By Diane A. Isabelle

The COVID-19 pandemic resulted in the loss of 225 million jobs around the world.

Younger people have been significantly affected, particularly in industries stalled due to restrictions caused by the pandemic. Many businesses did not survive and unemployment is expected to push more people into entrepreneurship.

These entrepreneurs will need support to survive and thrive after the pandemic. Innovation and entrepreneurship will be essential for economies to recover and build resiliency. Therefore, how these entrepreneurs and their new ventures are supported is important.

Business accelerators, a mechanism to support and grow new ventures, will need to evolve post-pandemic to support new entrepreneurs.

What are business accelerators?

Also called seed accelerators or accelerator programs, business accelerators support the growth of new ventures. Though they differ from business incubators in several ways, hybrid and evolving business acceleration models abound.

Accelerators emerged in the early 2000s with the launch of Y Combinator in the United States, considered the most successful accelerator. Accelerators are generally for-profit and often hold equity in their client’s firms. Accelerators use a time-limited, cohort-based approach to focus on accelerating the growth of selected technology-based startups from a broad range of industries.

For instance, B4C is a social venture accelerator, while the Canadian Creative Accelerator aims to increase the scope and global reach of Canadian television, film, music and new media production firms. Business accelerators are becoming increasingly popular in the startup ecosystem of many countries. There are currently more than 3,000 accelerators worldwide.

Why accelerators must evolve

COVID-19 has resulted in reduced customer demand, lack of employee availability and disrupted supply chains, all of which have threatened business survival.

Amid such uncertainty, starting a new venture is more challenging. Turning an idea into a viable and sustainable business model is more complex. Funding might become scarce and investors more risk-averse. Some industry sectors may no longer be considered attractive.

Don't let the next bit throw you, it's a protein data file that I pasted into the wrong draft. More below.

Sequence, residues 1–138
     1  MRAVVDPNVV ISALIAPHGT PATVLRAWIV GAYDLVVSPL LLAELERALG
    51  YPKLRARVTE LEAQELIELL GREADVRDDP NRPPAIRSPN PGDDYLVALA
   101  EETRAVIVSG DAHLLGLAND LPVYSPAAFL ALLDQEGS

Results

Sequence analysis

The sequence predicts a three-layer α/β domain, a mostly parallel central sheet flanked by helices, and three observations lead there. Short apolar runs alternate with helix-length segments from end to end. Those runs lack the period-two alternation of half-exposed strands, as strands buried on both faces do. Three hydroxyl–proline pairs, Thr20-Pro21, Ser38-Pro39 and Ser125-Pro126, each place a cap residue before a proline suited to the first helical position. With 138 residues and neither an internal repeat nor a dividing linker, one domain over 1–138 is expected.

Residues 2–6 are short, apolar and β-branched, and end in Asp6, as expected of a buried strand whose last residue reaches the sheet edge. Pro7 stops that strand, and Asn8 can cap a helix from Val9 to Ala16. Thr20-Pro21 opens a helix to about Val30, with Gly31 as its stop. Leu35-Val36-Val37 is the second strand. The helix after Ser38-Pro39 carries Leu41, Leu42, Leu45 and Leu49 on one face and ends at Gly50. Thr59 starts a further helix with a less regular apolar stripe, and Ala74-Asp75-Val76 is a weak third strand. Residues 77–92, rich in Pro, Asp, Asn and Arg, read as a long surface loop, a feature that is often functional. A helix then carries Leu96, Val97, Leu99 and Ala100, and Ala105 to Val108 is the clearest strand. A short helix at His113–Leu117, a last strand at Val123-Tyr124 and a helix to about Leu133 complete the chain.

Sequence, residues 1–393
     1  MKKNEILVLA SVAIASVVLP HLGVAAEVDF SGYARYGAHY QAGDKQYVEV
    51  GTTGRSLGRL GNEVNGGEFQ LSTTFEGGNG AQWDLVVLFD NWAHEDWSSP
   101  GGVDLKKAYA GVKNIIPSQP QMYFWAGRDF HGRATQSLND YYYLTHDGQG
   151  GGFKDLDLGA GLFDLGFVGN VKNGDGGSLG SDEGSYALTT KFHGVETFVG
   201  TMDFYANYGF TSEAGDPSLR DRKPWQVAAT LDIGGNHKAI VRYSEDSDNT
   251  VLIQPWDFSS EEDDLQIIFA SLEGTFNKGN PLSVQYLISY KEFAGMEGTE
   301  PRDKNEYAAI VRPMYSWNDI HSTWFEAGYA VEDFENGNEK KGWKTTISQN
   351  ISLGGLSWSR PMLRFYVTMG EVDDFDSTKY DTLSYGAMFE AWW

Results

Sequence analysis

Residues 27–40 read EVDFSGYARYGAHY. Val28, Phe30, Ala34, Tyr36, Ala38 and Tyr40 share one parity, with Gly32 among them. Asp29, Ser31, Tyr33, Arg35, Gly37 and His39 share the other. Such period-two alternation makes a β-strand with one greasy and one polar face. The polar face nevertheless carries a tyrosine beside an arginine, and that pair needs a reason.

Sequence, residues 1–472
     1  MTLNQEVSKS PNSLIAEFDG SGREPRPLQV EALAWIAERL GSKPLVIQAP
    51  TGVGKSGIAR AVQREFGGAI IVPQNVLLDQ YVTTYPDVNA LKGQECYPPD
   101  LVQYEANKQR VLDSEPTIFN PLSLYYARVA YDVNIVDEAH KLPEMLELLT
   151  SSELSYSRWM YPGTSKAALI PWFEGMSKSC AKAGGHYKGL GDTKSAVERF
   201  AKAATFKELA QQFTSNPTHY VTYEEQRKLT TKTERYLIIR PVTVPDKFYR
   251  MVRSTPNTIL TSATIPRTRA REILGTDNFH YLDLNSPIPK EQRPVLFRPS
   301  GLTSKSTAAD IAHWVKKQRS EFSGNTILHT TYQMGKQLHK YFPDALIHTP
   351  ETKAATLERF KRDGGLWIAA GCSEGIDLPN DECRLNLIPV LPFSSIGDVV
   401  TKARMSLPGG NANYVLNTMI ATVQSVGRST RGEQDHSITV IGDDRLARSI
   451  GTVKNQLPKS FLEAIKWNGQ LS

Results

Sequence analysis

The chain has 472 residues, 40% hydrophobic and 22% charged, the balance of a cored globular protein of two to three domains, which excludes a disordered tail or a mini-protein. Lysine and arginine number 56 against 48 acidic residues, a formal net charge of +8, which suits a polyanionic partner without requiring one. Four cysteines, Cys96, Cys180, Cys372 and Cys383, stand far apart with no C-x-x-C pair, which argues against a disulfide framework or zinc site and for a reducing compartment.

That said, new opportunities are emerging from COVID-19 for innovative entrepreneurs. Consider for instance health-care needs, the accelerated use of digital technologies and opportunities related to the work-from-home trend. Accelerators must evolve their business models to support their portfolio of startups now and post-pandemic.

A hand holds a seedling.
Business accelerators must evolve to help startups grow and succeed.
Ravi Roshan/Unsplash

A three-step approach to deal with COVID-19 promoted by the Organisation for Economic Co-operation and Development is applicable to accelerators.

First and foremost, rapid response, recovery and resilience are necessary. Accelerators worldwide had to quickly undertake rapid response as a first step during the pandemic given restrictions related to social distancing and health guidelines. For example, Canadian Creative Accelerator went entirely online.

Easily replicated model

In an article published in the Multidisciplinary Business Review, a colleague and I proposed a post-pandemic accelerator model for South America, focusing on the recovery and resilience steps. This model can easily be replicated elsewhere in the world.

The model considers the impact of COVID-19 on startups, accelerator processes and services in three areas:

Global environment: Governments worldwide have developed policies and measures to reopen their economies and support recovery. With their intimate knowledge of their own entrepreneurial ecosystems, accelerator managers can support government efforts to spur rapid recovery and growth. This enhanced advocacy role is particularly important since many government programs are designed for established firms in specific industry sectors rather than for startups aiming to capitalize on opportunities in sectors emerging from the pandemic.